The simplistic image of “coal jobs” meaning miners toiling underground is no longer accurate given the increasing automation of the coal industry, according to Bloomberg.
Coal miners no longer swing a pickax or wield a shovel. While coal companies are hiring again, executives are starting to search for workers who can crunch gigabytes of data or use a joystick to maneuver mining vehicles hundreds of miles away…
“Whether coal comes back or not is not necessarily directly related to jobs,” Heath Lovell, a spokesman for coal producer Alliance Resource Partners LP, said in an interview on NPR’s “On Point.” “We should be becoming more and more efficient, which would mean we could produce the same amount of coal with less employees…”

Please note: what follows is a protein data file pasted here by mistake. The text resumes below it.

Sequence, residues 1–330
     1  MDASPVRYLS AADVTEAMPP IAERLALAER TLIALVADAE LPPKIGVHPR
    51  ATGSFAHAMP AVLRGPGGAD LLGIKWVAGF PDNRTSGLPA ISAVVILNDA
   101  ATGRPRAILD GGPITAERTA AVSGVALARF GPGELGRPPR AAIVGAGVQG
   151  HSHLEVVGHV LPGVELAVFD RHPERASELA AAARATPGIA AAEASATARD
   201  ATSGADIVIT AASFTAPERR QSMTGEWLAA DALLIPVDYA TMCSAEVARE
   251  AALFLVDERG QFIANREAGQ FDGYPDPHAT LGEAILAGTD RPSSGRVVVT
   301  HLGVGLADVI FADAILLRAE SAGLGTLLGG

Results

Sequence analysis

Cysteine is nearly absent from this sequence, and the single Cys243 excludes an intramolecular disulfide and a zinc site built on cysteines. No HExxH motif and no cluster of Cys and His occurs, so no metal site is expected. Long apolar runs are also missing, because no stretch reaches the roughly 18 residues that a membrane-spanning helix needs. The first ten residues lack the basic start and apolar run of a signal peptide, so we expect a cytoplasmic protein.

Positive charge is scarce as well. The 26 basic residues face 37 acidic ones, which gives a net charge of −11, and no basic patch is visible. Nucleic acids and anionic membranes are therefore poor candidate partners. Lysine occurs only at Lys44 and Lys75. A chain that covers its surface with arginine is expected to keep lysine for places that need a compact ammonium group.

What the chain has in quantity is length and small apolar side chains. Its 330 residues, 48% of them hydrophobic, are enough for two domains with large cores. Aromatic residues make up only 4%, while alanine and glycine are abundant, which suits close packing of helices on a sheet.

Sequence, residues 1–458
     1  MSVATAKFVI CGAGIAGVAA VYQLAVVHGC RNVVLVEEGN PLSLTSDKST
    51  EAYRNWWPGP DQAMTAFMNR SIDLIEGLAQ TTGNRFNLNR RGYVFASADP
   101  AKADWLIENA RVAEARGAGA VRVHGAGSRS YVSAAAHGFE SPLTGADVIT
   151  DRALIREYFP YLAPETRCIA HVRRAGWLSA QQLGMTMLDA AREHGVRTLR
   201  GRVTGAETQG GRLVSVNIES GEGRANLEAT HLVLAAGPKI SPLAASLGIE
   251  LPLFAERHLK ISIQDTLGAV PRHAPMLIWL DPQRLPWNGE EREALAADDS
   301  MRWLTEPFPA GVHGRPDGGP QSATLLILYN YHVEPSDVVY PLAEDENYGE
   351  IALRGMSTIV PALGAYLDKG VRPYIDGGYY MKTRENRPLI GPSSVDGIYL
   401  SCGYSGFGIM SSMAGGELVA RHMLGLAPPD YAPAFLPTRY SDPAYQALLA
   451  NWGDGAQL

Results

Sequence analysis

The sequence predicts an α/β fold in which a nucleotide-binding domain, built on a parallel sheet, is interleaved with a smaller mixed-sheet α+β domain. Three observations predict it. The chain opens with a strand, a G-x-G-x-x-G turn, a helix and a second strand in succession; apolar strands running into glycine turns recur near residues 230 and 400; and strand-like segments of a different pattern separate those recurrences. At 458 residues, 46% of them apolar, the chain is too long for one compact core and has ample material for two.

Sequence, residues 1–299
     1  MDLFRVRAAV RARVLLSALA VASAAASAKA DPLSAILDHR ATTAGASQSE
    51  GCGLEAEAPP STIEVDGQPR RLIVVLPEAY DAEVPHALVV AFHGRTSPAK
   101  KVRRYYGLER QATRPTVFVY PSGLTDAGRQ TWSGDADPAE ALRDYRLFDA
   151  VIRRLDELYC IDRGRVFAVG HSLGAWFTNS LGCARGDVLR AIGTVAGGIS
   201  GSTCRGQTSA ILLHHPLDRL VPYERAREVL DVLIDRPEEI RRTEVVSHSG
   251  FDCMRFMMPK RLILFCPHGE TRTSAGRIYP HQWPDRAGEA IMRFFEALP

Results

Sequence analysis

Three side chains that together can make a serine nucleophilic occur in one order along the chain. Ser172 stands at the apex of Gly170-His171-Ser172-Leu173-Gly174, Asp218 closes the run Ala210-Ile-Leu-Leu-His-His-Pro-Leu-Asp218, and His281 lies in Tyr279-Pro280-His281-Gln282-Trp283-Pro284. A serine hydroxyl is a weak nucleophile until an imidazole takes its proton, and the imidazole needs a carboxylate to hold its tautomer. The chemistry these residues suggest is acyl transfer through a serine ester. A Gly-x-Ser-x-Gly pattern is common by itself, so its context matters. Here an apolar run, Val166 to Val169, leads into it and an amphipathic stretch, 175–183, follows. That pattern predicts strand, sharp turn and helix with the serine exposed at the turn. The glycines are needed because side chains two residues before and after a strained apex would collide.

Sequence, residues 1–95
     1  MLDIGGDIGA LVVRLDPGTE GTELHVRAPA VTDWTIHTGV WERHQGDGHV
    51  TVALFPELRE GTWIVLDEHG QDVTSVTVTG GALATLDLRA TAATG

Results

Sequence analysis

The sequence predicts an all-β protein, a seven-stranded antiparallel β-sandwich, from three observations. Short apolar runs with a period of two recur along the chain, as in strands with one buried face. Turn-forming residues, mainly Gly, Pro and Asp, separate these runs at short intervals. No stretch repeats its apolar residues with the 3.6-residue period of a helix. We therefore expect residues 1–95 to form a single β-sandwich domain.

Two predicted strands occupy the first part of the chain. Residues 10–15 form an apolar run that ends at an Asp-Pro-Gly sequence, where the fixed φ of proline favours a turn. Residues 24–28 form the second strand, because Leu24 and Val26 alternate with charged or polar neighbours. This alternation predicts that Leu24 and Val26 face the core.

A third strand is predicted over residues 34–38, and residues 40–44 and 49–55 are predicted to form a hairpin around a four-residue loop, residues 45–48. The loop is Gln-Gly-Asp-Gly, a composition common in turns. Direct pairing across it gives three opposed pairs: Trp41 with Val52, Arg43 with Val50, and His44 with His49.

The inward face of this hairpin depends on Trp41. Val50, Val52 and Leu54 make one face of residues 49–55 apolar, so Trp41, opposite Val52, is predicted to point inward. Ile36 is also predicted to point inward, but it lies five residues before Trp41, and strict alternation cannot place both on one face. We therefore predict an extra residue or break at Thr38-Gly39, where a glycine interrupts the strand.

One irony for the industry now is that in some areas the coal companies say they can’t find the high-skilled workers they need. In West Virginia, companies are resorting to offering signing bonuses and fully paid healthcare to poach experienced shift foremen, mechanics and electricians from rivals. Many of those workers left the coal industry during the last decade’s collapse and found more stable employment in other sectors. They aren’t anxious to switch back.